The comparable countries are: Austria, Belgium, Chile, Denmark, Finland, Greece, Iceland, New Zealand, Portugal, and Sweden.
Although the degree of concentration in Israel’s banking industry has declined recently, it is still high—the Herfindahl Index (H-Index) is about 0.22 percent, one of the highest among industrialized countries, according to the Bank of Israel, Israel’s Banking System, 1998).
The five largest banking groups are: Bank Hapoalim, Bank Leumi, Discount Bank, Bank Mizrahi and First International Bank of Israel.
Loan loss reserves measure the stock of accumulated loan loss provisions made each year.
However, it should be noted that loan loss provisions increased from 0.32 percent of total assets in 1999 to 0.35 percent in 2000 (Table 4).
Israeli banks before tax returns are somewhat low when compared with U.S. and U.K. banks. For U.S. banks, the before-tax ROA and ROE in 1999 were 2 percent and 23.9 percent, respectively. For U.K. banks, the before-tax ROA and ROE in 2000 were 1.4 percent and 26.8 percent, respectively.
High asset and credit growth rates often indicate a worsening in credit risk management on the part of the banks. However, in the case of Israel, banks do not seem to have lowered their standards in spite of the recent high rates of asset and credit growth.
The definition of problem loans in Israel covers more than the definition of nonperforming loans used in the United States. In order to work with similar measures, the mission defined NPLs in the Israeli case as problem loans minus loans in the special mention category. Total problem loans (in the Israeli sense) to total loans ratio for the five largest banks was 10.9 percent and 8.6 percent as of end-1999 and end-2000 respectively.
The problem loans to the agriculture sector represent a long existing problem in the Israeli banking sector. These loans were ones to the Kibbutzin and Moshavin that became difficult to repay in the mid-1980s. At the end of 1989, the first of a series of agreements and arrangements were signed between seven banking groups, the Government, and the Kibbutz movements in connection with those debts.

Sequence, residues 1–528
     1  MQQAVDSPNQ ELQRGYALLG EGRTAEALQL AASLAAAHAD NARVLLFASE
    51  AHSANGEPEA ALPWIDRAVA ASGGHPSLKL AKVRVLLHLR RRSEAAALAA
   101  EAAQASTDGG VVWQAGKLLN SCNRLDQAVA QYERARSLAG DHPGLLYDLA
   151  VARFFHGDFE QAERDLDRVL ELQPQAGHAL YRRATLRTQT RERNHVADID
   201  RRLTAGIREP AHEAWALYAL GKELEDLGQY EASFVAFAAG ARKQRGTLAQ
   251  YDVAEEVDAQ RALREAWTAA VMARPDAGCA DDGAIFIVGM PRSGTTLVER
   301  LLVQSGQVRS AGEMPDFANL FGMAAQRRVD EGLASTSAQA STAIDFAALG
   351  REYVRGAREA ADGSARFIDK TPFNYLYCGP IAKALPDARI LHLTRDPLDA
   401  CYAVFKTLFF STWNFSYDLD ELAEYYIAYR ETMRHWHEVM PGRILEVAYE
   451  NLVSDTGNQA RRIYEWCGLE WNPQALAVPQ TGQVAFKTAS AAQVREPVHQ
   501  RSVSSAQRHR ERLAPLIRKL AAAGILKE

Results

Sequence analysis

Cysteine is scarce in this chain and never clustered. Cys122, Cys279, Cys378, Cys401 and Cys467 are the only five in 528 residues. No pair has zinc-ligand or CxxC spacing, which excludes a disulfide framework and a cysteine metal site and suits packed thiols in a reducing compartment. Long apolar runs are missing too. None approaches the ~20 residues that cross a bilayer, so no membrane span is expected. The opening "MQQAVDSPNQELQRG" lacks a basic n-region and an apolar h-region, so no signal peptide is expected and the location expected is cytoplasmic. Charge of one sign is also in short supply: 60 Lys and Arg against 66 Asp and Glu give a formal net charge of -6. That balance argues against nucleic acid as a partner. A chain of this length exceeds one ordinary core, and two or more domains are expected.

The mission used the calculations made by BOI in its Banking Report 2000, as its own estimates of market risk for each individual banking group. Based on five years of observations, the worst case interest rate changes estimated by the BOI were: 1.9, 0.69 and 0.44 percentage points for the nonindexed interest rate, the real interest rate, and the dollar interest rate. The worst case inflation and exchange rate changes, based on five years of observations, were 1.59 and 5.68 percentage points respectively. The worst case was defined as a case with a probability of occurrence of 1 percent or less. The difference between the stress tests undertaken by the mission and the ones undertaken by the BOI lies in the explicit inclusion by the mission of potential losses due to credit risk in the worst case scenarios.
The MOF Actuary is a senior professional with internationally accepted qualifications; however, his specialty is pensions, not insurance.
Where fundamental change, such as the introduction of more competition to the Motor Bodily Injury (MBI) market, is concerned these authorities continue to have a legitimate role.
The May 2000 “Report of the Public Committee for Income-Tax Reform”, chaired by Prof Ben Basset. The earlier report of the “Committee for Examination of Structural Changes in the Capital Market”, chaired by David Brodet.
Banks are allowed mortgage-related general insurance but not credit-related insurance.
There is one senior North American trained actuary who has specialized in pension matters for most of his career, but who does have life insurance and financial training.
A circular letter requiring the setting up of special reserves against this contingent liability was sent after the mission.
Where fundamental change is concerned, such as the introduction of more competition to the MBI market, these authorities continue to have a legitimate role.
This was largely rectified after the formal assessment date through new investment regulations.
However, it is important to see footnote  above.